DR Congo rebels ‘take control’ of key city Goma

Congo’s M23 rebels took control of the eastern city of Goma after days of clashes with UN-backed Congolese soldiers, a spokesman for the rebel group said on Tuesday.

A Reuters witness saw scores of heavily armed rebels walking through the city unchallenged as UN peacekeepers watched and small groups of residents greeted them.
“The town of Goma fell at 11:33 local time; despite the attack helicopters, despite the heavy weapons, the FARDC (Congo army) has let the town fall into our hands,” M23 spokesman Colonel Vianney Kazarama said by telephone.
Reports of the capture of Goma came just hours after news broke that rebels had seized the city’s airport following several days of fighting.
“The airport is under the control of the M23,” the UN official said on condition of anonymity, referring to the rebel group.
The capture of the Goma comes a day after rebels, believed to be backed by Rwanda, said they were halting their advance on the key city to enter into peace talks with the government.
But government spokesman Lambert Mende told the Associated Press by phone that negotiations are out of the question, saying Congo will not give into the “blackmail” of a Rwandan-backed group.
“We refuse to enter into negotiations with M23. Because it’s Rwanda, not the M23, that is responsible,” said Mende, before the fall of the city on Tuesday. “If Goma falls, it’s going to create a whole other set of problems. We refuse systematically to speak to them (M23). Because if we do, it would be a way to wash away Rwanda’s responsibility.”
Congo and Rwanda have already fought two wars, the most recent of which ended in 2003 after lasting nearly six years. On Monday, both nations accused the other of firing mortars across the narrow border that runs on one side of Goma, a city of 1 million which is the economic heart of Congo’s mineral rich region.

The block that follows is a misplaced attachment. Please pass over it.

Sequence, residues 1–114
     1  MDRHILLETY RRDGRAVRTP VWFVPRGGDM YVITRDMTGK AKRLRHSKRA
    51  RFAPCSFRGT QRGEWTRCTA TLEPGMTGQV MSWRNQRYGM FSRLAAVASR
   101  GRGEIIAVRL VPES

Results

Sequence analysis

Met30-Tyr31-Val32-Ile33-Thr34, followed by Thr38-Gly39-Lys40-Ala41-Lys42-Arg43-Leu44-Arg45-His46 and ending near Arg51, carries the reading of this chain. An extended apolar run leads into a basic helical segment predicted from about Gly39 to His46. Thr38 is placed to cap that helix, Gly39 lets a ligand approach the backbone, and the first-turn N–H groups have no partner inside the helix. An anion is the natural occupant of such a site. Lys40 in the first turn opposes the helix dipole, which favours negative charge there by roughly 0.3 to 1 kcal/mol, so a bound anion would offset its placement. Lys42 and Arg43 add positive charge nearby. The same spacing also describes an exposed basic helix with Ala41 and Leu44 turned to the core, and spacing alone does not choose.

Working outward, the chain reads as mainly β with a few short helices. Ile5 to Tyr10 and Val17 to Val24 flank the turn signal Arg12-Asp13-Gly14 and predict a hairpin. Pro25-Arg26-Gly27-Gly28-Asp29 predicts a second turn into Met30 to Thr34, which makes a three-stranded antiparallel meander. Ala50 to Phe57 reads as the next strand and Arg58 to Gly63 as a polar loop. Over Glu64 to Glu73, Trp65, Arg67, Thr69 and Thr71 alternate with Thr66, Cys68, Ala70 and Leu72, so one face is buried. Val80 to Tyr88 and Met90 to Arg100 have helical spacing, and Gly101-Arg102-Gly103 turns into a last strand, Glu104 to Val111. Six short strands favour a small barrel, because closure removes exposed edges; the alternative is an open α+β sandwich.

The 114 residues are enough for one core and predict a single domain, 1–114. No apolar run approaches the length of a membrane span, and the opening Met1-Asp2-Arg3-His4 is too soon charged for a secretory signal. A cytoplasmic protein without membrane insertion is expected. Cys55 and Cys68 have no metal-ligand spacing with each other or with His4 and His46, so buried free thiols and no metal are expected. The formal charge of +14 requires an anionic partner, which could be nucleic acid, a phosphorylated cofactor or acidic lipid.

Rwandan Military Spokesman Gen. Joseph Nzabamwita said that Congolese shells had fallen on the Rwandan side, while Mende said that a mortar fired from Rwanda landed in the Birere neighborhood near the airport in Goma and wounded at least five people.
As tanks rumbled by, civilians, including young children, could be seen running to safety, seeking shelter in huts and behind ledges along the road where the two sides were battling.
Earlier, M23 rebel spokesman Col. Vianney Kazarama told the Associated Press that his men were on their way back to Kibumba, 30 kilometers (18 miles) north, in order to give proposed talks a chance. But on Monday afternoon, Kazarama blamed Congo for renewed hostilities and once again vowed that M23 would take Goma.
“The army provoked us. They have fired on our men … We are going to take Goma tonight,” he said.
On Saturday, UN Peacekeeping Chief Herve Ladsous said the rebels are very well-equipped, including with night-vision equipment, allowing them to fight at night.
The new equipment, including the goggles as well as 120 mm mortars, were being provided by Rwanda, which also sent several battalions of fighters, according to the International Crisis Group.
At UN Headquarters in New York on Monday, French Ambassador Girard Araud said he would be introducing a Security Council resolution imposing sanctions on the M23 rebel leadership.